Already, so here’s the deal: Losing weight is not a priority for me. I’m actually about two or three pounds lower (today, anyway) than I’d like to be. That probably means I’m shy on muscle mass at the moment. BUT, I know weight loss is a huge priority for a lot of people out there, so I just wanted to throw out my opinion on the subject:
First off, I think people place WAY too much emphasis on weight. Look, weight is ONE measurement for health. BMI is another. Neither of those gives you anything more than a narrow perspective of health, however. You can be low-weight and still be incredibly unhealthy. Trust me; I’ve seen it. So step one here is to quit worrying about the bathroom scale so much—if you’re like me, your weight will vacillate by two pounds every night anyway.
Next, I keep reading these web sites that promote low-carb lifestyles. They seem to think the cause of obesity is carbohydrate. Well, I’m sorry, but the human race has been eating carbs for THOUSANDS OF YEARS, and the obesity/overweight epidemic is maybe 30 years old. "But Caloi," you say, "our ancestors were also more physically active than we are." Well, there’s your solution then: Don’t cut the carbs, increase the activity.
For some reason, I feel like this advice falls on some deaf ears sometimes. People seem to want to know what the minimums are when it comes to exercise—what’s the minimum amount of exercise I can put in and still gain the health benefits? I’m sorry if you’re someone who’s asking this question, but my answer is that if you’re going for the minimum, you may as well forget about it. For you to really, truly benefit from exercise, you need to enjoy what you’re doing and you need to do it often. If you don’t enjoy it, you won’t do it often enough. If you hate treadmills, forget it. You need something you can stand to do for HOURS before you get sick of it. Those skinny cyclists and runners you know aren’t putting in the minimum. They’re putting in hours of exercise. They’re so compelled to do it, they’ll keep doing it even after they break bones and get told not to do it by their doctors. They sincerely enjoy doing it.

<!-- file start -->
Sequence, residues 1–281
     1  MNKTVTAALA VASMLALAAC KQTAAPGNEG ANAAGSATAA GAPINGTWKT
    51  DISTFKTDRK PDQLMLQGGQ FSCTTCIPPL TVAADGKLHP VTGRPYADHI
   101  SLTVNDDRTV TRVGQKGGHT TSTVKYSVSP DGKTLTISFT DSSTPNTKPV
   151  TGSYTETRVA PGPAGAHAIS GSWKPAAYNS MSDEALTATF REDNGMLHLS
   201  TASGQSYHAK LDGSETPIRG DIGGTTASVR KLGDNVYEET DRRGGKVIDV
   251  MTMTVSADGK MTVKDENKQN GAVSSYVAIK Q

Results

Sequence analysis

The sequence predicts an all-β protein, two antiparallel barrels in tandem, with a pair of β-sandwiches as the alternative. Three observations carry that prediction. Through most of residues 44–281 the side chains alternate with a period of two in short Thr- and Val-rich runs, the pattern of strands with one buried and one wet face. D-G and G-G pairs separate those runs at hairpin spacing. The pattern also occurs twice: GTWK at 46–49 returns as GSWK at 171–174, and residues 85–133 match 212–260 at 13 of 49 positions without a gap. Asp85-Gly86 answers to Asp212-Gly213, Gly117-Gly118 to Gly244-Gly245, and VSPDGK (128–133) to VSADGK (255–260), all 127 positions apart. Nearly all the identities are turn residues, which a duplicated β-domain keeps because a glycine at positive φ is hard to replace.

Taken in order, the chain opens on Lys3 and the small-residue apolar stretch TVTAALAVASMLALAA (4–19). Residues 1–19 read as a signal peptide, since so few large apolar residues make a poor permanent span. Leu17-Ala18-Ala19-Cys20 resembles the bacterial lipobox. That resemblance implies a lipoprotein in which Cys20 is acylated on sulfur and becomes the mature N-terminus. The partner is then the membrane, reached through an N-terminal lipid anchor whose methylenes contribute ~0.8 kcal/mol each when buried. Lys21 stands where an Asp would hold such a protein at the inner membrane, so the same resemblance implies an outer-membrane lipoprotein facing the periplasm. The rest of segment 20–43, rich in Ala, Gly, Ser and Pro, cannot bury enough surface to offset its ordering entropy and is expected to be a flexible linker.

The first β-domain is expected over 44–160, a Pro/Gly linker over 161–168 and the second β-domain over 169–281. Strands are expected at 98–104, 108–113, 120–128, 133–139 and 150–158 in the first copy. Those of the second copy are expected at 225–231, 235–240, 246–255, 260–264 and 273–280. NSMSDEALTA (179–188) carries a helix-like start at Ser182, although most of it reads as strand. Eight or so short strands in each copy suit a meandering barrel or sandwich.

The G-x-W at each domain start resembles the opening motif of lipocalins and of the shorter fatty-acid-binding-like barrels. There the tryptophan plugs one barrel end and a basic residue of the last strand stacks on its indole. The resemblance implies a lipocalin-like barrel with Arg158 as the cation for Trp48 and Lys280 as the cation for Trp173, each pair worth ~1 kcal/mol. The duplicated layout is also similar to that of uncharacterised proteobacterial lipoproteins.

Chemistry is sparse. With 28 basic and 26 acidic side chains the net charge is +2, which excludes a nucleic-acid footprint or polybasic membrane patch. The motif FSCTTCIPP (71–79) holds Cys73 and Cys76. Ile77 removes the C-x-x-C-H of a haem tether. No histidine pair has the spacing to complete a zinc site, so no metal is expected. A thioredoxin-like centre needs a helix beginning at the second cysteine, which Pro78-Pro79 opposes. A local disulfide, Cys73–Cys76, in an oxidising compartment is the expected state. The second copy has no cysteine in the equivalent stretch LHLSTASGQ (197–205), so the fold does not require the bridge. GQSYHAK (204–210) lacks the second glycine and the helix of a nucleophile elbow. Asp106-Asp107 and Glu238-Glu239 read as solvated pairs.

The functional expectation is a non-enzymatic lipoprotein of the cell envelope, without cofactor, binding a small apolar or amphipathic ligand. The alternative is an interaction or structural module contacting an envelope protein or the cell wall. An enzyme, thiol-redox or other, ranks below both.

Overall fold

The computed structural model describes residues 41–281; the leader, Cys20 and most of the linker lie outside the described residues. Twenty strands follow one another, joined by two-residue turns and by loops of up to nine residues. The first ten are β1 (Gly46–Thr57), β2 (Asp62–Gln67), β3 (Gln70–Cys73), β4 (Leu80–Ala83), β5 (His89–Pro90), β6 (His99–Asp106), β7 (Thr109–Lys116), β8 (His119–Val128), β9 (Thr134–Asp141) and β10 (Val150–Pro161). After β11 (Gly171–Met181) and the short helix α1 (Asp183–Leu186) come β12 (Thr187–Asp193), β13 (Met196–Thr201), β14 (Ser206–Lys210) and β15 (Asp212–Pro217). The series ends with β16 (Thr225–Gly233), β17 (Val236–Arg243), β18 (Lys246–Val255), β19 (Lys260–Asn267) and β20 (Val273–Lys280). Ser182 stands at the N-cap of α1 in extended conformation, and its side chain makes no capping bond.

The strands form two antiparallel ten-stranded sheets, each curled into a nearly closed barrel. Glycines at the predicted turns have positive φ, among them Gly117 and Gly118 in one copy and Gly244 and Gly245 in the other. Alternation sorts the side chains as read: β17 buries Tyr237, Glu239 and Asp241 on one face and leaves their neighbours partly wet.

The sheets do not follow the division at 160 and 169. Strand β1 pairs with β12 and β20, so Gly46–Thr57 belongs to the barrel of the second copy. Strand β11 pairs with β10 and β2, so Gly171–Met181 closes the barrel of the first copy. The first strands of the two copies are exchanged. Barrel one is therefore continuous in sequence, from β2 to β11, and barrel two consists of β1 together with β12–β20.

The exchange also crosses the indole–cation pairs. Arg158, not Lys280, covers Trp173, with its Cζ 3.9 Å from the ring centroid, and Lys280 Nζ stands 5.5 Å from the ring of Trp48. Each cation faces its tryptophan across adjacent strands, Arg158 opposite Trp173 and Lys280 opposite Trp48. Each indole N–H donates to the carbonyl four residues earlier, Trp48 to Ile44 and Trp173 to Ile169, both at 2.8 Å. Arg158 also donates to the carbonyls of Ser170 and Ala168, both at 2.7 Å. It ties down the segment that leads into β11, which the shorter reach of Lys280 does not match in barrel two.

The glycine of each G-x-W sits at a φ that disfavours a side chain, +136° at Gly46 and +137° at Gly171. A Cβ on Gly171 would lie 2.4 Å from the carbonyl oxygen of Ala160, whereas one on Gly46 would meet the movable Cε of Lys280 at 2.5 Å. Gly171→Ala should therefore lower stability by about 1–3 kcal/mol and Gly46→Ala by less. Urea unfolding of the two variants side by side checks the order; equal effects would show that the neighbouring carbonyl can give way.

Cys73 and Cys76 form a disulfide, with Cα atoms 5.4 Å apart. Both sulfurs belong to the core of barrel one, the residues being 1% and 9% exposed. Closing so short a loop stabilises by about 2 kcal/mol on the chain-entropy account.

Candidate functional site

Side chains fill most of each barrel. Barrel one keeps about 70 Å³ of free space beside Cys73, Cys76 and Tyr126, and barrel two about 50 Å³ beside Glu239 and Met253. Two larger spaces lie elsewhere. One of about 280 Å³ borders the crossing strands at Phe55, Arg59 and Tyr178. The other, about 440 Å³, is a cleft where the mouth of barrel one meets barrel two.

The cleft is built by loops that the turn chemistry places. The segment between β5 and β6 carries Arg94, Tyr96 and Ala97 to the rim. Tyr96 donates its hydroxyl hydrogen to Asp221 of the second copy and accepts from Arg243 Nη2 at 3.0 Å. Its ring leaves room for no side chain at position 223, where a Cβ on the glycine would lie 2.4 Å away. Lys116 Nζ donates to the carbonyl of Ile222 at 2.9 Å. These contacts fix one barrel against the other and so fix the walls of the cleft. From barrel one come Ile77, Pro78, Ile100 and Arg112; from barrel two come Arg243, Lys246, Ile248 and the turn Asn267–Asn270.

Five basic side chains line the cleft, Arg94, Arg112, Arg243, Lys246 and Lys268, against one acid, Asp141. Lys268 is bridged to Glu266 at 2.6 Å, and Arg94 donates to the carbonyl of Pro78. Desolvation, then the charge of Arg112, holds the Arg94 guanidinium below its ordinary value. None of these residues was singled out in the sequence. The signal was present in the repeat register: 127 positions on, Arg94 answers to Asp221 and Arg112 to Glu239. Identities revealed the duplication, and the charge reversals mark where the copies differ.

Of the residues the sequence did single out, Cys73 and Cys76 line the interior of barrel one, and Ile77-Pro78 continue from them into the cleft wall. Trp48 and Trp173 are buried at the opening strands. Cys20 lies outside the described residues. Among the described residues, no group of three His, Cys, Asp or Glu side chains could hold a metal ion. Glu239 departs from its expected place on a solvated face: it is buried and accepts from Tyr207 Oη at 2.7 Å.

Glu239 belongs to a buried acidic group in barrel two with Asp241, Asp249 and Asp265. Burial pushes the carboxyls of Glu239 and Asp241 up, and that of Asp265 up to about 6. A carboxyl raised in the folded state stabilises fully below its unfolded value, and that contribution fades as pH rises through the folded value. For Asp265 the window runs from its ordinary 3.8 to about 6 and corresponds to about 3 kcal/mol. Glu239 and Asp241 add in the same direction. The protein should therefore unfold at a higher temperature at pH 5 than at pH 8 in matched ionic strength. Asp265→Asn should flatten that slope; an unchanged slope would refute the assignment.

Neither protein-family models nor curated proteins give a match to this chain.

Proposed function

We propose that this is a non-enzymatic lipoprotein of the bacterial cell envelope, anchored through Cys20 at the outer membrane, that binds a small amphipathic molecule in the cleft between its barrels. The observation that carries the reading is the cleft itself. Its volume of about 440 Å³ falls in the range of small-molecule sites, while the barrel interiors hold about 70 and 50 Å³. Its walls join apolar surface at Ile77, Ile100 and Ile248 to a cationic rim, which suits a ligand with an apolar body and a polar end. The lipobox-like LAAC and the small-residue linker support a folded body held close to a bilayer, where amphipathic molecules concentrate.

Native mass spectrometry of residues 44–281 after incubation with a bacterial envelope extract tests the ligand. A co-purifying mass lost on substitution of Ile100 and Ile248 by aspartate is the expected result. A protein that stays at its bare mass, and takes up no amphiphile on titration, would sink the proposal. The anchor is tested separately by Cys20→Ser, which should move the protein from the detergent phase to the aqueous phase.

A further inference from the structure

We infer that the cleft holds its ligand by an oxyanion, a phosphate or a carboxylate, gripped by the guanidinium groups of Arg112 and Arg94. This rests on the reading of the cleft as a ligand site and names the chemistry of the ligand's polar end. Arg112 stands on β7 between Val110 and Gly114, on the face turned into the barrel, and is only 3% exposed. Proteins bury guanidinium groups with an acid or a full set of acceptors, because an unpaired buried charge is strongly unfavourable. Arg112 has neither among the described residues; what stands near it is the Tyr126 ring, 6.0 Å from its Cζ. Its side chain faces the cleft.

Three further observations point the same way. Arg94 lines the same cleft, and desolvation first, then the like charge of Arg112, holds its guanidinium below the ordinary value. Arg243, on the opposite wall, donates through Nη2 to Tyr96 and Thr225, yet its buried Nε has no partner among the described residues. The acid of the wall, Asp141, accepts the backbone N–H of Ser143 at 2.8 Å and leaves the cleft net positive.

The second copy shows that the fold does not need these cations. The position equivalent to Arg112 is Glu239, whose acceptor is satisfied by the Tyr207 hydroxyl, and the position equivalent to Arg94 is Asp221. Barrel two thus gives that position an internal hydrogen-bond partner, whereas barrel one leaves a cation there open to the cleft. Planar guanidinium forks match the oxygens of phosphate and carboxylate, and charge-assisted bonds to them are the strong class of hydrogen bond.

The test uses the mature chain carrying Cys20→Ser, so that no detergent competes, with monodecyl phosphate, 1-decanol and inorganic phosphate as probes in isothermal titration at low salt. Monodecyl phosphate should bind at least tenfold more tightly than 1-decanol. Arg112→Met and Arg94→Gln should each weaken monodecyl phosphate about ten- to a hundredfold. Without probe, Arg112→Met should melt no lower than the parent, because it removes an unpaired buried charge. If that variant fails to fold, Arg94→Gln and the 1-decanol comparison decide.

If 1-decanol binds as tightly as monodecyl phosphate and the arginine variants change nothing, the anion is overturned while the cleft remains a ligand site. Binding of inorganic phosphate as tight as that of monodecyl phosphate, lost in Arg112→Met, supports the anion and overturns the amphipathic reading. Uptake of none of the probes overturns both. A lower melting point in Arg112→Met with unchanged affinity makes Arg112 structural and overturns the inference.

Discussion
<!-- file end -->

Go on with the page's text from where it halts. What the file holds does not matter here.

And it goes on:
What kind of exercise should you do? That’s partly up to you, but it’s also partly up to your body. Bear in mind that the amount of muscle fiber you have will change how well you react to certain types of exercise. If you’re packed more with Type II (fast-twitch) muscle fibers, you’re going to run yourself into the ground trying to run marathons. Fast-twitchers are more prone to inflammation. On the other hand, if you’re a Type I (slow-twitch) kinda guy (or girl), you probably won’t ever see the results from lifting weights. Most of us are somewhere in between, so most of us should be doing a little of both—endurance/cardio and strength/power. You’ll reach your optimal shape with a combination of both.
If you want to look at improving your eating habits, look for something that is younger than carbohydrate. In my opinion, there are really two or three ingredients you ought to watch out for in foods. These are:
Trans Fat otherwise known as hydrogenated oils. If you see hydrogenated anything oil on the label, put the food down and back away slowly. Don’t buy it so you won’t eat it.
High-fructose corn syrup or HFCS if you prefer. It’s kinda freaky that high-fructose corn syrup was discovered at about the same time as the beginning of the obesity epidemic, and it’s a bit wacky that even the experts know that the body doesn’t process HFCS the same as it does other sugars.
Truth is, I’m also not a fan of caffeine or aspartame, and I avoid them like the plague. It’s my opinion, but your body knows what to do with sucrose and even fructose—it doesn’t know what to do with aspartame. Caffeine will just mess up your sleep cycle and force an unnecessary high on your body. I’ve also read it can lead to heart problems.
So that’s my little treatise on health. I hope you’ll take it for what it’s worth, go eat some bread, stop dieting, and ignore that Atkins-funded moronic study in the New England Journal of Medicine.